Speed versus accuracy in collective decision making

Nigel R. Franks, Anna Dornhaus, Jon P. Fitzsimmons, Martin Stevens

Research output: Contribution to journalArticlepeer-review

230 Scopus citations


We demonstrate a speed versus accuracy trade-off in collective decision making. House-hunting ant colonies choose a new nest more quickly in harsh conditions than in benign ones and are less discriminating. The errors that occur in a harsh environment are errors of judgement not errors of omission because the colonies have discovered all of the alternative nests before they initiate an emigration. Leptothorax albipennis ants use quorum sensing in their house hunting. They only accept a nest, and begin rapidly recruiting members of their colony, when they find within it a sufficient number of their nest-mates. Here we show that these ants can lower their quorum thresholds between benign and harsh conditions to adjust their speed-accuracy trade-off. Indeed, in harsh conditions these ants rely much more on individual decision making than collective decision making. Our findings show that these ants actively choose to take their time over judgements and employ collective decision making in benign conditions when accuracy is more important than speed.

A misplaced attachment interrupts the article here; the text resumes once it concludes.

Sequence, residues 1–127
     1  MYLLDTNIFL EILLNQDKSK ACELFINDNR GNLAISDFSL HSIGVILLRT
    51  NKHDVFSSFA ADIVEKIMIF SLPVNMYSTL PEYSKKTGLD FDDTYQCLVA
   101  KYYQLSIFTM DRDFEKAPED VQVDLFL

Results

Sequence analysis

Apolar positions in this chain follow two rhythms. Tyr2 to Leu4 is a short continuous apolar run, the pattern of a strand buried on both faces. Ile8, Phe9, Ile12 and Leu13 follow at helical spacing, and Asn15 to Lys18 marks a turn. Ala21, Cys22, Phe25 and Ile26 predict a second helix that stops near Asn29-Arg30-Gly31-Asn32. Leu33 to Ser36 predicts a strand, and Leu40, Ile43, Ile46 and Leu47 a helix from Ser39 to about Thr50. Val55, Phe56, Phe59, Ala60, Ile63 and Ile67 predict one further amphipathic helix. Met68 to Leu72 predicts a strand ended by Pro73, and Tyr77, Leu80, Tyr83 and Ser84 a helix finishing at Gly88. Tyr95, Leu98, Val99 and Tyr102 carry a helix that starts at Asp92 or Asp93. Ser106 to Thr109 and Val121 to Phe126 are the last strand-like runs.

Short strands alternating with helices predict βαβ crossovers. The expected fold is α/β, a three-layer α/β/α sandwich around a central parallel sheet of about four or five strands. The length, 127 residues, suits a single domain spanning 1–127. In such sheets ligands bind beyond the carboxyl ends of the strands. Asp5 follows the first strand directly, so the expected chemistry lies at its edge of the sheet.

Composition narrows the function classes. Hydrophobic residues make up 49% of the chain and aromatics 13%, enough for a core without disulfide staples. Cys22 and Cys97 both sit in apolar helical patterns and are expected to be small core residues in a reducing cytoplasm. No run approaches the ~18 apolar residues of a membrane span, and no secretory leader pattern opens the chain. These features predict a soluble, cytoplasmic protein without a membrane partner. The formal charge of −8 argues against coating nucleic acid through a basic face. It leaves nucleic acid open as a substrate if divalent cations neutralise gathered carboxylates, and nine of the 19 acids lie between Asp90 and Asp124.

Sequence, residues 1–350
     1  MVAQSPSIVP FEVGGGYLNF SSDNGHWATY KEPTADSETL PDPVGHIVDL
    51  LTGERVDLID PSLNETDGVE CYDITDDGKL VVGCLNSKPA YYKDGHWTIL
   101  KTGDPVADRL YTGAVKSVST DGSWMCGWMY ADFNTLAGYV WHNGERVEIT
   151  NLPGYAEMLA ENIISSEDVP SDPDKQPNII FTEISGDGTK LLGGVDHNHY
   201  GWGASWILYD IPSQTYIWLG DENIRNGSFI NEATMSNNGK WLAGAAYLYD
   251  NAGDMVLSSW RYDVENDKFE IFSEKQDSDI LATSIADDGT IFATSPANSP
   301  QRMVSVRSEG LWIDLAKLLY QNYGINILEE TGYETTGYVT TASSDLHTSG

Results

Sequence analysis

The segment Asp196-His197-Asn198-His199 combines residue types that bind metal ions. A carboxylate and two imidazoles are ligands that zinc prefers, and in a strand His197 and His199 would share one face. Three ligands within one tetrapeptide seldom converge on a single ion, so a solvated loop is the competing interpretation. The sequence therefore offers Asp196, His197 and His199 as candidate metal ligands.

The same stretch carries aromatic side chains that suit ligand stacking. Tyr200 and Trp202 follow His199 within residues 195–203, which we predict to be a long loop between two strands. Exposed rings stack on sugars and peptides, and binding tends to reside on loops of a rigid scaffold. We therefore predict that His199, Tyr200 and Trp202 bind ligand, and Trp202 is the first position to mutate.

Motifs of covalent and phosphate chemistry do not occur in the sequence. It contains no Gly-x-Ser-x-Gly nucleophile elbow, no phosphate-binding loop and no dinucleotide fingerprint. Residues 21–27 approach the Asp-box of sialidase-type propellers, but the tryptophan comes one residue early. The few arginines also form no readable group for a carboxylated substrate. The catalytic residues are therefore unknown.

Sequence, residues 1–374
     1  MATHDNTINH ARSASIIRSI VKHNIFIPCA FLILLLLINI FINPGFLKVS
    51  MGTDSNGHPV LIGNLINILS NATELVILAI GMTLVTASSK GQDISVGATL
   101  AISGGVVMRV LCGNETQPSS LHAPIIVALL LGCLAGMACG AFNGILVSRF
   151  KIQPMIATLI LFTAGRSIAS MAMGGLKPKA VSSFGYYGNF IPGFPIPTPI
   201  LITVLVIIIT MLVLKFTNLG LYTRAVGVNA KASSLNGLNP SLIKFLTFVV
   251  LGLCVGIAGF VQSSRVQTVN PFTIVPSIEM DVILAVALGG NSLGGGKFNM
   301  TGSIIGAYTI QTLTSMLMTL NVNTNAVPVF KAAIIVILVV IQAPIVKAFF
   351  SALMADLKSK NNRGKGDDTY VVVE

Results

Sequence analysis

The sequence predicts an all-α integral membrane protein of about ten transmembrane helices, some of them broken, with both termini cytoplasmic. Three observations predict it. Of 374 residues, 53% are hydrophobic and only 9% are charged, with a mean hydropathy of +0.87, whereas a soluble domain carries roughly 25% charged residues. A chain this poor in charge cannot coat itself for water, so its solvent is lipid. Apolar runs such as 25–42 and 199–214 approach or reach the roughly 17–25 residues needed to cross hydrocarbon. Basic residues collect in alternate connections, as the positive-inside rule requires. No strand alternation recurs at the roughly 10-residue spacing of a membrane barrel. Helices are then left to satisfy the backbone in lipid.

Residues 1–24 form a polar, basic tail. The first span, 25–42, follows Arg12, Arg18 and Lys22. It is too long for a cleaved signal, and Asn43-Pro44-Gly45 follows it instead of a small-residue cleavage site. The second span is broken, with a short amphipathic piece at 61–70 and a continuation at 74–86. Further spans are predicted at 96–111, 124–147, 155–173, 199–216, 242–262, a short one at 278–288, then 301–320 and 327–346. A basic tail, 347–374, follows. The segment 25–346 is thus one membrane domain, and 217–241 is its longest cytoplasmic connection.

Original languageEnglish (US)
Pages (from-to)2457-2463
Number of pages7
JournalProceedings of the Royal Society B: Biological Sciences
Issue number1532
StatePublished - Dec 7 2003


  • Ants
  • Collective decision making
  • House hunting
  • Speed-accuracy trade-off

ASJC Scopus subject areas

  • General Biochemistry, Genetics and Molecular Biology
  • General Immunology and Microbiology
  • General Environmental Science
  • General Agricultural and Biological Sciences


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